Table A.5: Flame Sensor............................................................................................................................. 57
Table B.1: Root Sheet for system 1 ............................................................................................................ 58
Table B.2: Root Sheet for system 2 ............................................................................................................ 58
Figure C.1 Hardware prototype .................................................................................................................. 59
Figure C.2 Fuel level, Oil level and temperature sensing circuits ............................................................... 59
Figure C.3 Displaying temperature, oil level and fuel level sensing values on LCD .................................... 60
Figure C.4 Light and sound notification ...................................................................................................... 60

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LIST OF TABLES

Table A. 1: Arduino UNO .......................................................................................................................... 56


Table A. 2: LM 35 ...................................................................................................................................... 56
Table A.3: PIR Sensor ................................................................................................................................ 56
Table B.1: Root Sheet for system 1 .......................................................................................................... 565
Table B.2: Root Sheet for system 2 .......................................................................................................... 565

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LIST OF ACRONYMS
3G Third Generation
4G Fourth Generation
AT ATtention
CMOS Complementary Metal Oxide Semiconductor
DC Direct Current
EB Electronic Beam
EEPCO Ethiopian Electric Power Corporation
GND Ground
GPS Global Positioning System
GSM Global System for Mobile communication
IDE Integrated Development Environment
IR Infrared Radiating
LED Light Emitting Diode
MMS Multimedia Messaging Service
PCB Printed Circuit Board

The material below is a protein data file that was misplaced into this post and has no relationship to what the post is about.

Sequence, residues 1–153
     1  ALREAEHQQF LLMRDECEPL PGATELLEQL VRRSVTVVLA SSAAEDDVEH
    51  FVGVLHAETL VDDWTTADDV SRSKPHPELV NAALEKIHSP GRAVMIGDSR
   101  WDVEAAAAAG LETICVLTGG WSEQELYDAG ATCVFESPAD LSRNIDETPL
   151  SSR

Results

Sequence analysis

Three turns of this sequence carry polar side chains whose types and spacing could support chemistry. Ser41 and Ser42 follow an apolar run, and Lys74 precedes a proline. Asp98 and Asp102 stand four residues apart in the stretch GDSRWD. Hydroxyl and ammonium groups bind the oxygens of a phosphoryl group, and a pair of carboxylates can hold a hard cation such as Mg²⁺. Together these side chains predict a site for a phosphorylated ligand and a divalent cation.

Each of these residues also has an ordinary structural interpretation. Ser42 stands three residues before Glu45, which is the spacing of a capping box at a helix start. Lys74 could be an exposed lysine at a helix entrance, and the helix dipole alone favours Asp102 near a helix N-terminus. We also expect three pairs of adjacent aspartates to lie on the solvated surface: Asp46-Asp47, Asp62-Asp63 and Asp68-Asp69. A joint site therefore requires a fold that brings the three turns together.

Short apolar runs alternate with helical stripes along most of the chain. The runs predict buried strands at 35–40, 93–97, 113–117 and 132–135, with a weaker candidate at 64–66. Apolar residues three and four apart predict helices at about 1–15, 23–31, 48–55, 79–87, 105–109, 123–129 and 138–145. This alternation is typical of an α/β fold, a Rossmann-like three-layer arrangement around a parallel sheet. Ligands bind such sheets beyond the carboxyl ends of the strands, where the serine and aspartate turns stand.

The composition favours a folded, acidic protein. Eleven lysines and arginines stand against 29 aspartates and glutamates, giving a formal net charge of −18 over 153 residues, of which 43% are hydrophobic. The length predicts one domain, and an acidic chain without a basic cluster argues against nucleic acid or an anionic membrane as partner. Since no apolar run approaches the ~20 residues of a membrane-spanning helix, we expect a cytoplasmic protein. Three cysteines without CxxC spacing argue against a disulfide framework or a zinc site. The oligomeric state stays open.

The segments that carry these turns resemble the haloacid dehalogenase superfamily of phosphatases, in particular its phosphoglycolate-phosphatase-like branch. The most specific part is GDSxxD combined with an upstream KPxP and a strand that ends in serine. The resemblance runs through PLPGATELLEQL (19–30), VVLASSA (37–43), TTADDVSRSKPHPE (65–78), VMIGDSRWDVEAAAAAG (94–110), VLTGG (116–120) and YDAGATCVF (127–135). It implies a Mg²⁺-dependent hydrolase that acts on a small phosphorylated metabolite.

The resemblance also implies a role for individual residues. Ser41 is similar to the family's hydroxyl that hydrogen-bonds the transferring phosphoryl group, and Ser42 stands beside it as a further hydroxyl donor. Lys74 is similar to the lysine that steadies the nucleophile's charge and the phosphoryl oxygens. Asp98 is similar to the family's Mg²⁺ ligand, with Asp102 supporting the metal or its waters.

PIN Personal Identification Number
PIR Passive Infrared Sensor
RPM Revolution Per Minute
SCADA Supplementary Control And Data Acquisition
SIM Subscriber Identity Module
SMS Short Message Services
SNMP Simple Network Management Protocol
SSP Serial Port Protocol
TTL Transistor Transistor Logic
UART/TXD Universal Asynchronous Receive/Transmitter

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ABSTRACT
The electrical power systems are highly non-linear, extremely huge and complex networks. There
is no continuous flow of electrical power to industries at all the time. So, backup generator must
be provided so as to make the system continuous. This Project focuses on the detection of power
failure and takes reflex action to solve the problem with help of GSM communication. The power
failure will be detected by relay, any intruder approaching the generator it will be detected by a
motion sensing system, any sudden fire occurring on and around the generator will be detected by
a flame sensing circuit and it communicates to Arduino to alert the authorized person. In addition
to this, parameters of generator like fuel level, oil level, temperature etc., are monitored and
communicated to authorized person. The acquired parameters are processed and recorded in the
system memory. If there is any abnormality in their process, according to some predefined
instruction and policies that are stored on the embedded system EEPROM then GSM alerts to
concerned person immediately.

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CHAPTER ONE

INTRODUCTION
1.1 Background of the project
Generator is a device that converts mechanical energy in to electrical energy, the generator works
based on the principle of electromagnetic induction discovered in 1831 by Michael Faraday, a
British scientist. Michael Faraday proposed the Faraday law which states that when you see that